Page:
Even then, the importance of that surrender meeting was widely recognized. The McLean house was stripped of virtually everything that could be carried back north. Even the roots of the apple tree where General Lee was wrongfully rumored to have sat were dug up and cut into pieces for sale as souvenirs. 


Northern entrepreneurs acquired and dismantled the house shortly after the war. Their scheme to reassemble the structure as a tourist attraction in Washington and charge admission never got off the ground.


The house was rebuilt on its actual site as part of the restoration of the Village of Appomattox Court House by the National Park Service. The project started in the 1930s and was completed after World War II. Like several other structures in the village, the McLean house is largely a reproduction. However, about 5,000 original bricks plus several foundation timbers and a few metal doorknobs and hinges were used in the re-creation of the historic structure. Its furnishings include several pieces of original furniture somehow retrieved from the descendants of Union soldiers who carted them off. There are a number of other “souvenir” pieces in various museums and collections.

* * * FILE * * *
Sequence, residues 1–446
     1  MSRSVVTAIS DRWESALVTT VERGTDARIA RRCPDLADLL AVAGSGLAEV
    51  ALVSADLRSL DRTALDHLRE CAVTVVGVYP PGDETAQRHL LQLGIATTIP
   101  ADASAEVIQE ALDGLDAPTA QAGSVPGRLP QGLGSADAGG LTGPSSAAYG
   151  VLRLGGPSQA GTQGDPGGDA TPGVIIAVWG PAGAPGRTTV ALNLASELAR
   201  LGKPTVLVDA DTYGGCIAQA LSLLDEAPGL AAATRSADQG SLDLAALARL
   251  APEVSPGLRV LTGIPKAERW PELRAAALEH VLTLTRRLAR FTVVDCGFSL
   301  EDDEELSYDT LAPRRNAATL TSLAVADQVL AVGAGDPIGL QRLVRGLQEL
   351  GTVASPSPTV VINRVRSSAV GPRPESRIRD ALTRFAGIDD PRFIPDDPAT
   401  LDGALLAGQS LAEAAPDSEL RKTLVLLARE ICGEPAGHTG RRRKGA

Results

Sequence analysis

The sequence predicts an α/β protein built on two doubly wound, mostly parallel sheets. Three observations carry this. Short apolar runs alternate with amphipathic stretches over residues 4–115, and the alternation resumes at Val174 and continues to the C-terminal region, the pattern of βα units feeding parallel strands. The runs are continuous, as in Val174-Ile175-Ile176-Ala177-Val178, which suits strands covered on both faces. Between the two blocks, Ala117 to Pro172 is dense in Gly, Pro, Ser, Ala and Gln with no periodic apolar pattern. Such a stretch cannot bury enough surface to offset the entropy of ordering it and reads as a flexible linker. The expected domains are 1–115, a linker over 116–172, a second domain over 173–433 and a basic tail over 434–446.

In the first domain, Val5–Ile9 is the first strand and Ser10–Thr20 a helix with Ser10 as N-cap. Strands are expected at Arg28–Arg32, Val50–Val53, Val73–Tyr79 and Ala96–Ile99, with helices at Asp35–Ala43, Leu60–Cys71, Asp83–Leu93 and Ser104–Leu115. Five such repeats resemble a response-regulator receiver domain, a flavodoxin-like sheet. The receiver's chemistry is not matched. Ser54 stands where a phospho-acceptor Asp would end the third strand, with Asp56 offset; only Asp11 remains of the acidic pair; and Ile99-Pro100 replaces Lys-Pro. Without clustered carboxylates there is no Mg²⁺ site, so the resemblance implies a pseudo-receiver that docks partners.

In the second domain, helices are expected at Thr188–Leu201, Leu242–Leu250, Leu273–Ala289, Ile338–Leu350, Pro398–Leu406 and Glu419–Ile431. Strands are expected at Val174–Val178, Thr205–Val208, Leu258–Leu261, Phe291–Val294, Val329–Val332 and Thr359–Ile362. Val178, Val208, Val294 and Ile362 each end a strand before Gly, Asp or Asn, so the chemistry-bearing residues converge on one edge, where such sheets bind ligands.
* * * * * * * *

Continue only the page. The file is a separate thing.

A small, hand-made doll, called “silent witness doll” by General Sheridan since it was in the room where the surrender was signed, was
Lewis Nolan by McLean house
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given to the Park Service a few years ago. A descendant of the soldier who “liberated” the toy returned it more than a century after it was taken. Copies are sold in the souvenir shop along with various books and copies of memorabilia. Oddly but understandably given the tenor of the times, one has to look hard to find anything emblazoned with the Rebel Battle Flag. Sadly, the Stars and Bars has been misappropriated and used as a symbol by several racist organizations.


We have a small watercolor painting of General Lee and Thomas “Stonewall” Jackson (for whom one of my grandfathers was named) in a bookcase in our home’s sunroom. An entire shelf is devoted to my small collection of books about the Civil War, most notably fellow Memphian Shelby Foote’s excellent, three volume set. At the Appomattox bookstore, Betty bought me a copy of General Lee’s handwritten Farewell Address to his troops:

After four years of arduous service marked by unsurpassed courage and fortitude, the Army of Northern Virginia has been compelled to yield to overwhelming numbers and resources.